As you know, I’m a big fan of Ellie Krieger and her James Beard nominated book, The Food You Crave: Luscious Recipes for a Healthy Life. Since my recent food focus has been a little more health-conscious, I’ve been thinking about hitting her cookbook hard. After all, I own it, so why shouldn’t I cook more from it?
As I was searching around the web for more about Ellie, I came across an Ellie cooking fan club of sorts. Every week someone on the blog list chooses an Ellie recipe from her cookbook. Everyone in the group makes it then posts their results on their own respective blogs.
Every well-known chef these days seem to have their own blogging groupies: Ina Garten, aka the Barefoot Contessa, has a group called the Barefoot Bloggers. Dorie Greenspan has her own Tuesdays with Dorie group. One very intrepid (and perhaps masochist) cook loves the French Laundry so much that she went through its entire cookbook from cover to cover. Foodies and wannabes everywhere tuned in to her blog with fascination and applause as she did. As soon as she was finished, she picked up Grant Achatz’s Alinea.
And there are others out there, hungry for more.
Get it? They’re hungry for mo— You’re right. I’m sorry.
Personally, I love the idea of group blogs, which is why CC and I started AwK. I’d be interested in joining up with some intrepid food groupies, but finding a group that’s right for me has been difficult. I love to bake, so I considered getting in with the Dorie group back when they were still accepting members. The downside to that group is everyone has to bake the required dessert every other week, and that’s the minimum. With only two people in my house, that’s a lot of dessert to either eat or put down the garbage disposal. There’s Ina Garten, but I don’t know much about her except that she’s got a slew of food products and her own show on the Food Network — I tried sitting through an episode once, but it was like taking a few Vicodin and watching Nascar in slow motion and without sound. At least Rachel Ray keeps yapping through her thirty minutes.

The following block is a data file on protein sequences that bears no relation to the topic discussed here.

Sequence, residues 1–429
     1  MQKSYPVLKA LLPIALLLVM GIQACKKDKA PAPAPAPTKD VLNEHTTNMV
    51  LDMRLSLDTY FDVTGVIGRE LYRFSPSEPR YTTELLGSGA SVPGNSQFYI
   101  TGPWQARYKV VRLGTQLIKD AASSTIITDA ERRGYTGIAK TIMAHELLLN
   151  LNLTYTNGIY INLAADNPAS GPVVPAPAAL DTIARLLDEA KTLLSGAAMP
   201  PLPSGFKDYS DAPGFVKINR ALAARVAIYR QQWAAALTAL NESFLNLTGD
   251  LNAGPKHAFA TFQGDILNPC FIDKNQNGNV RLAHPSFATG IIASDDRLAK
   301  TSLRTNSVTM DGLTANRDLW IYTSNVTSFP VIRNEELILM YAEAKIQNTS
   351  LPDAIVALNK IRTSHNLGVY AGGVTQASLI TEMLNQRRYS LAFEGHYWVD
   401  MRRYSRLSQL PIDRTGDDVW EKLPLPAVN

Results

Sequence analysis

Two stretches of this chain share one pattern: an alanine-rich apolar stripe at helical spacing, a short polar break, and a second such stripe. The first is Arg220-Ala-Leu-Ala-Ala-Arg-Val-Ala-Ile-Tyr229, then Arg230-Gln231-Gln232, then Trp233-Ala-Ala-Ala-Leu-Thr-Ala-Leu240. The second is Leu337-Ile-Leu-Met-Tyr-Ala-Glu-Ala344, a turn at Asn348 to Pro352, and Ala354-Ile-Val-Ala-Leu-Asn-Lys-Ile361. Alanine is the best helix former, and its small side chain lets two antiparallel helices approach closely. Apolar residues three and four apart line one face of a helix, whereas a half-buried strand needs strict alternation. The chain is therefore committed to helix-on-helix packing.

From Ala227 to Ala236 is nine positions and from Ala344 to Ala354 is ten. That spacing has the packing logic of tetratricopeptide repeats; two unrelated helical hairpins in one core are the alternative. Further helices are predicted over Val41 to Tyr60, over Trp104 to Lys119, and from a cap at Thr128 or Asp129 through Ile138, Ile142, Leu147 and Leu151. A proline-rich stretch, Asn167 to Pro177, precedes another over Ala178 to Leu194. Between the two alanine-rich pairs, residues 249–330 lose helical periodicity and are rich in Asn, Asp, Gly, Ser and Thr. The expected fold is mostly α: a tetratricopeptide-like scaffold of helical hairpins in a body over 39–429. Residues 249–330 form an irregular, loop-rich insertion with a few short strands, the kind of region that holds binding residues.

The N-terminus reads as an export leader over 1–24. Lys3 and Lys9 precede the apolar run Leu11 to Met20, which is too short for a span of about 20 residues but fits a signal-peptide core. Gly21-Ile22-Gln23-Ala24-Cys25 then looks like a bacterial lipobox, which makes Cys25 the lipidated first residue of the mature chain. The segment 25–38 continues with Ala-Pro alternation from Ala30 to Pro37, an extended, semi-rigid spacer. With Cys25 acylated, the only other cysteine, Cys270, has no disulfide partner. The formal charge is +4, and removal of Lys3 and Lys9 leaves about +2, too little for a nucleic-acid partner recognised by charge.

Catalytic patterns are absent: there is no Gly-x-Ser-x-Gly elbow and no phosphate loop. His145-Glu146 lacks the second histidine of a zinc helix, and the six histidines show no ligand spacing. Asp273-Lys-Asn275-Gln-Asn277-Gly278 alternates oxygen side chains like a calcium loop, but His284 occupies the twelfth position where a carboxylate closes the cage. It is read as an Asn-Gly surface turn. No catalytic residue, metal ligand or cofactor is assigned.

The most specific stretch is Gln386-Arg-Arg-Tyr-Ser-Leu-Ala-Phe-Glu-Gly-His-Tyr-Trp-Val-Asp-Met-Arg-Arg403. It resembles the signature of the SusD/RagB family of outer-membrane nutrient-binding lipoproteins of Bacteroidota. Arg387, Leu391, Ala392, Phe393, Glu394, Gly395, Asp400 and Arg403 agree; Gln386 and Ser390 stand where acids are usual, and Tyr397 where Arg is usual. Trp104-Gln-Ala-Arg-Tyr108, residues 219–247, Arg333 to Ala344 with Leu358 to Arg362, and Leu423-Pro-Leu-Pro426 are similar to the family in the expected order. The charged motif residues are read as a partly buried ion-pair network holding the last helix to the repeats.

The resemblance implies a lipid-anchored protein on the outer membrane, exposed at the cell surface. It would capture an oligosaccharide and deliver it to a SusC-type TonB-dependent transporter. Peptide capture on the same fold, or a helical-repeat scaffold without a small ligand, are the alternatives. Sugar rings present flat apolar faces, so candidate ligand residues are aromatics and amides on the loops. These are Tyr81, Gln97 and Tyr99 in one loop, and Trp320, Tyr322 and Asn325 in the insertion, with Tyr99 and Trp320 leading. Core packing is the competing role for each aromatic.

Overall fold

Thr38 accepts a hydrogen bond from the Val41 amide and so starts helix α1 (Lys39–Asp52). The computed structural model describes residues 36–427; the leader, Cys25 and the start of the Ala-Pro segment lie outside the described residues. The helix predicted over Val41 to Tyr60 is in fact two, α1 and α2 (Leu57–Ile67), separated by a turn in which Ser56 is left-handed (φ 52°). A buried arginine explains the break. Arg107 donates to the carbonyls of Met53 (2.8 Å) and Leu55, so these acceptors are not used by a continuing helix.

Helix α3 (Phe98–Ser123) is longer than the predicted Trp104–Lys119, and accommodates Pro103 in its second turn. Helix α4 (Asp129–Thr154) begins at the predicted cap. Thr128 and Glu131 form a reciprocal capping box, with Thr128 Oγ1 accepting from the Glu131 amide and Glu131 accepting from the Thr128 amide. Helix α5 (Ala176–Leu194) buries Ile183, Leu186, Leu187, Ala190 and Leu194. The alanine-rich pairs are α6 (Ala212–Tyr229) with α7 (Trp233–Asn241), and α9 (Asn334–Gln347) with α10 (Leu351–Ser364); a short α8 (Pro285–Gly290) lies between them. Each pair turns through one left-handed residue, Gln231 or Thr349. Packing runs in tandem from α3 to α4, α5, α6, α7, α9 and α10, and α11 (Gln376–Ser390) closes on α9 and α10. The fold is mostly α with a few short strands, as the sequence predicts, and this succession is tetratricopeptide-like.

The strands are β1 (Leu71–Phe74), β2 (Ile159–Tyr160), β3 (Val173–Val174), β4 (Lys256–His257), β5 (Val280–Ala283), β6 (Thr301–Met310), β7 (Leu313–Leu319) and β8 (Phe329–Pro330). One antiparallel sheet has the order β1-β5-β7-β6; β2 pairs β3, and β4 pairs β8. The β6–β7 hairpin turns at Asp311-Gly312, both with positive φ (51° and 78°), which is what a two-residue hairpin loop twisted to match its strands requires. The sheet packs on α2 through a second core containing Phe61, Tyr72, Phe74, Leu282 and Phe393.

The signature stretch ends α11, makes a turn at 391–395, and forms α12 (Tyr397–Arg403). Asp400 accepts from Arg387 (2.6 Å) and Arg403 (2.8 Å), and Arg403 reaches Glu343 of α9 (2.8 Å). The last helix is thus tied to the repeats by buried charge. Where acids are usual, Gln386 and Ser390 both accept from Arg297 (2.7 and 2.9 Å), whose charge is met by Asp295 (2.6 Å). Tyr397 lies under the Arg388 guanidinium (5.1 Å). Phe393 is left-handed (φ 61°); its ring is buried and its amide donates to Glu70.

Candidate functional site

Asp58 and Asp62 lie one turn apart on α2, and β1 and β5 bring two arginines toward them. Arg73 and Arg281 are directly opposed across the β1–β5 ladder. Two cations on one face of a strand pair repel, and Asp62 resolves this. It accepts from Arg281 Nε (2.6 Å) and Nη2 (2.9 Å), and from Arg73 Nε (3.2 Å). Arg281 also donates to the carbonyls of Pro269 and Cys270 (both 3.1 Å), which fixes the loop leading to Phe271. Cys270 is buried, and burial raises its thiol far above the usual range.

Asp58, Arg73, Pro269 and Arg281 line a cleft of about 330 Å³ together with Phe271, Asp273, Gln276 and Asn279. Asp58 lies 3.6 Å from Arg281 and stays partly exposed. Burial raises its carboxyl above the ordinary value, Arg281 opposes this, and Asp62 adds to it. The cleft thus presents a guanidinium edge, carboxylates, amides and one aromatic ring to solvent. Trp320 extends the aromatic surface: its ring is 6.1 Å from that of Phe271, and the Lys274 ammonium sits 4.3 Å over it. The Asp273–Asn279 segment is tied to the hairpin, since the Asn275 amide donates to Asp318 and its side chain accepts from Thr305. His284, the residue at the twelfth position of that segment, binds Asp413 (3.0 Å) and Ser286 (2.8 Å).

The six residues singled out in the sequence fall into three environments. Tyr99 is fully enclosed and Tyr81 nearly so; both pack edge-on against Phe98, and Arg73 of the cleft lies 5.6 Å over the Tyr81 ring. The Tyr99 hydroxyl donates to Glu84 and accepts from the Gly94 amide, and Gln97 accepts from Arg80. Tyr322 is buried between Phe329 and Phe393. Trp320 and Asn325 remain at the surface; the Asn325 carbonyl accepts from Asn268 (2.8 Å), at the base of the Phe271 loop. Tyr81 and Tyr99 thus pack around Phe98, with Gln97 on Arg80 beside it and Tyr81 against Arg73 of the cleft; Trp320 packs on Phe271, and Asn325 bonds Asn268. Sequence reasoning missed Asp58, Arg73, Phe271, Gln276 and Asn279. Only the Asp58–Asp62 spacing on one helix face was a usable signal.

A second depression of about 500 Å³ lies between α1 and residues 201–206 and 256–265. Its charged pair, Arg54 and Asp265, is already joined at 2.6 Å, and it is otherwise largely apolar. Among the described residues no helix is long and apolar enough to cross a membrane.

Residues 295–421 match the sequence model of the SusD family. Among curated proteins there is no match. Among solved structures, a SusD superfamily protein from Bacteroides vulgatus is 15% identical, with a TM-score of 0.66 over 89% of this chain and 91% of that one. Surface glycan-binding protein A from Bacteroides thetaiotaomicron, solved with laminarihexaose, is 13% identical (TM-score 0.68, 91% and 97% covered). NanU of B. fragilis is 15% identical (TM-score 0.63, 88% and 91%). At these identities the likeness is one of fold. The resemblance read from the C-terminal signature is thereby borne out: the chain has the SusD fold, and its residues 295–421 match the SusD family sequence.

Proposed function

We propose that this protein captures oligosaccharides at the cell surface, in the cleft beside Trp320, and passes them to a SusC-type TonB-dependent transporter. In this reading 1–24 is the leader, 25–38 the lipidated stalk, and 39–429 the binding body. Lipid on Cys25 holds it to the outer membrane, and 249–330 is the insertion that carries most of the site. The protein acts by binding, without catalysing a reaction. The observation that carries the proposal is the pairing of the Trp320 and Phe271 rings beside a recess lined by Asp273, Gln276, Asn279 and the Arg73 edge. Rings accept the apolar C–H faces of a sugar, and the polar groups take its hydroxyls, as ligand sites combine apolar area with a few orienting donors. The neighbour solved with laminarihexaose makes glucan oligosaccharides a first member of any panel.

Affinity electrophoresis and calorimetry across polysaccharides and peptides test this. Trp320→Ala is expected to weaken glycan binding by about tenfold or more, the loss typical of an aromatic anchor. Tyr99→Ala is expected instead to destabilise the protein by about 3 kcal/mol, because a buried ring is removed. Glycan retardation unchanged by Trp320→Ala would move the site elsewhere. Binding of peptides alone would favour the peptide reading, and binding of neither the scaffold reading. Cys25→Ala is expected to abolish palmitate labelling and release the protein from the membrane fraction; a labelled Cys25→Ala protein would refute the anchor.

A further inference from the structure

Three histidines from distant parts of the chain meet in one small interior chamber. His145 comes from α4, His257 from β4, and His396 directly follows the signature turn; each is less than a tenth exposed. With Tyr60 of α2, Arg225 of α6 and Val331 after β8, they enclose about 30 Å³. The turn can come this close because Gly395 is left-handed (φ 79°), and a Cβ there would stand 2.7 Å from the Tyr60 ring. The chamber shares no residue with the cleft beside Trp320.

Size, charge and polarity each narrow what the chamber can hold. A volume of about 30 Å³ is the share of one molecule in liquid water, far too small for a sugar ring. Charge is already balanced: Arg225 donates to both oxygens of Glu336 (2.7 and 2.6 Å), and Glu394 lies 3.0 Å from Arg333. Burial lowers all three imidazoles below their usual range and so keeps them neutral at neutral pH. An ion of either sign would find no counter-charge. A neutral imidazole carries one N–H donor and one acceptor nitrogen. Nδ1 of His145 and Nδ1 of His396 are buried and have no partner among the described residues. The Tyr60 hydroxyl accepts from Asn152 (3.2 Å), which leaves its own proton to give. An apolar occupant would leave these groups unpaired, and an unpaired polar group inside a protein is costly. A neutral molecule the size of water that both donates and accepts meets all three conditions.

The other option would be to join the Ellie Krieger group, but I just can’t past the name: Craving Ellie in my Belly.
Perhaps Dr. Lecter would like a membership.
According to Ellie’s website, she’s coming out with a new cookbook soon, called So Easy: Luscious Healthy Recipes for Every Meal of the Week. If there’s a group out there that wants to go through this book, but doesn’t want to put Ms. Krieger into anyone’s belly, I’ll probably join it. In the meantime, I think I’m on my own.
This week, I went with the Rustic Pear Tart. It’s got a whole wheat crust and simple honey glaze on the top. Each slice is only 200 calories and 8 grams of fat.
My spouse alerted me early on that he doesn’t like pears. It’s probably for the best, because this was so good I ate half of it in one day.
Rustic Pear Tart
Adapted from Ellie Krieger
1/2 cup whole-grain pastry flour or regular whole wheat flour
1/2 cup all-purpose flour
2 teaspoons granulated sugar
1/8 teaspoon salt
4 tablespoons cold, unsalted butter, cut into small pieces
2 tablespoons lowfat buttermilk
3 tablespoons ice water
3 medium pears
1 tablespoon lemon juice